Here are a selection of the best routes in no particular order that I’ve taken from guidebooks that are largely out of print. The criteria for the routes are the ability to inspire and describe the route in question, to make me want to explore. So the routes chosen had to have some element of story-telling, which meant books like the Welsh Peaks by Poucher are out of it. I can’t think of many recent guidebooks either, though the Pocket Mountain ones up in Scotland are pretty good if light on the narrative I’m looking for.
Of course, sometimes it is down to the actual route having appeal and not so much the literary merit of the guidebook walk at all!
The first three are all from the same guidebook, Ridges of Snowdonia by Steve Ashton and published by Cicerone. The book has hardly changed in content, other than updating essentials, since I first borrowed this from the library in the mid ’80s. That makes me feel old. There’s a route page for each one, but no description unfortunately. You’ll just have to buy the books, and each one mentioned below is a gem. A couple are out of print, but readily available second hand. though some of the prices asked on-line are extortionate as I paid not much more than a fiver for each of my Wild, Classic and Big Walk books.
The Nantlle Ridge – The classic ridge walk without doubt, and he provides the vanilla version from Rhyd Ddu over to Garnedd Coch, over all the best bits and omitting that little upstart – Mynydd Graig Goch. The beauty of this book, and I cannot see why others haven’t followed suit, is that there’s a reasonably clear description of the route and, the inspiration of a personal account of each walk. Read this in mid 80s, did the walk early 90s.
The Moelwynion – Setting off from Dolwyddelan, he takes the route up via the forest and to Llyn y Foel, Daear Ddu and follows the route around to Allt Fawr, before recalling how he managed to get a lift to the start from this point. I’ve done all of this walk, but not the single walk he did that day. Ironically, when I did descend to the Crimea, we also managed to get an unexpected lift to here we started! The route could be improved by continuing onwards over the outlying Moel Farlwyd, Penamnen and finally Y Ro Wen before descending to Dolwyddelan. A longer walk, but much better on the feet than six kilometres of tarmac.
The Rhinogydd – Ashton does, admittedly, do them the easy way. He starts off in Cwm Bychan and then follows the entire ridge to Abermaw (Barmouth). While the walk is well described, there is the issue of returning to the start. Ashton also loses marks for not starting off the route by traversing the badlands between Rhinog Fawr and Moel Ysgyfarnogod. Though starting from Cwm Bychan and turning left for the badlands as opposed to right for the not-Roman Steps is rather masochistic.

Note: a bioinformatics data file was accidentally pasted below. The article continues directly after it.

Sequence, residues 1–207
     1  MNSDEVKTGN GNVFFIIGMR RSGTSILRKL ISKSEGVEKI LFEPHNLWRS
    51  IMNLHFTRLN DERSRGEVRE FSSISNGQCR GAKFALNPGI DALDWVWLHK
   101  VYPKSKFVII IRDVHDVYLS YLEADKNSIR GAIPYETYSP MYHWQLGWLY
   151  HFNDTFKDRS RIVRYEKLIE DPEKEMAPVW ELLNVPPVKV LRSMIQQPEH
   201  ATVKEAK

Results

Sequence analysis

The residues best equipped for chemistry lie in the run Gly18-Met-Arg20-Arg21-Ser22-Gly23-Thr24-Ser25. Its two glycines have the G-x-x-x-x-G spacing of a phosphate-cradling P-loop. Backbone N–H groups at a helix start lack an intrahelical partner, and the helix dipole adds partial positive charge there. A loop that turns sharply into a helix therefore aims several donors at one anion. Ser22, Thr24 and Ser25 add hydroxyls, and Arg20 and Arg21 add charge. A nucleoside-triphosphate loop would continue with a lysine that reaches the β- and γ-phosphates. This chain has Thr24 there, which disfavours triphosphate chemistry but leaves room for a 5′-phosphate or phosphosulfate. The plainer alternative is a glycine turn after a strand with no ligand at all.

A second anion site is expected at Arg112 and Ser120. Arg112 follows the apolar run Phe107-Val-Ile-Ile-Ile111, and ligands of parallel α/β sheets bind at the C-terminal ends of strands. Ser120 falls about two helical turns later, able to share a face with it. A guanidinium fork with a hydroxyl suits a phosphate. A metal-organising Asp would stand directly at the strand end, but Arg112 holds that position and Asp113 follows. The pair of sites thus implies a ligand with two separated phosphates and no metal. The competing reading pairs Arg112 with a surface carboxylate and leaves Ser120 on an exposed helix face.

Across the Migneint – by Harold Drasdo (p234) in Classic Walks – out of print. I don’t even know why this one’s here. Probably as I think I ought to get out and do it, and partially for the same reason as people run those races with barbed wire and mud. Crossing this area seems like a penance in some ways, though one to keep for either dry or frozen conditions, and possibly with a very wild camp at one of the lonely lakes.
The Lochaber Traverse (p70)- Ken Wilson and Richard Gilbert in Big Walks – out of print. An epic walk if ever there was one. Over The Ben, CMD, Aonach Mor, Beag and finally the Grey Corries; that’s one walk you’d have to try. I did a few springs back, even adding on some more hills above Loch Treig to the first day. Snow did unfortunately put paid to the attempt, but we got the Grey Corries in. This is one to try again in the not too distant future.
The Saddle and the Forcan Ridge (p175) – in Irvine Butterfield’s classic tome – The High Mountains of Britain and Ireland Vol 1. Enigmatically named volume 1 thirty years ago, this is still a standalone volume. The cover of the original had a shot of the Forcan Ridge, with even more impressive images of the walk accompanying the route, which was all I needed. A lofty peak, rocky exposed ridge and plenty of green made it look like somewhere I’d like to walk. Unfortunately, the new book has a new cover – while equally impressive just isn’t the original. Ihave no plans to do this walk any time soon as it’s just too damn far north! Though a week or so in Glen Shiel is nothing to be sniffed at, but I can’t see how it would be practical without driving there. The shot below is the same as the book’s cover, only less green!
Do you have a favourite guide book walk?
Add it below and we may add the best ones to the routes database!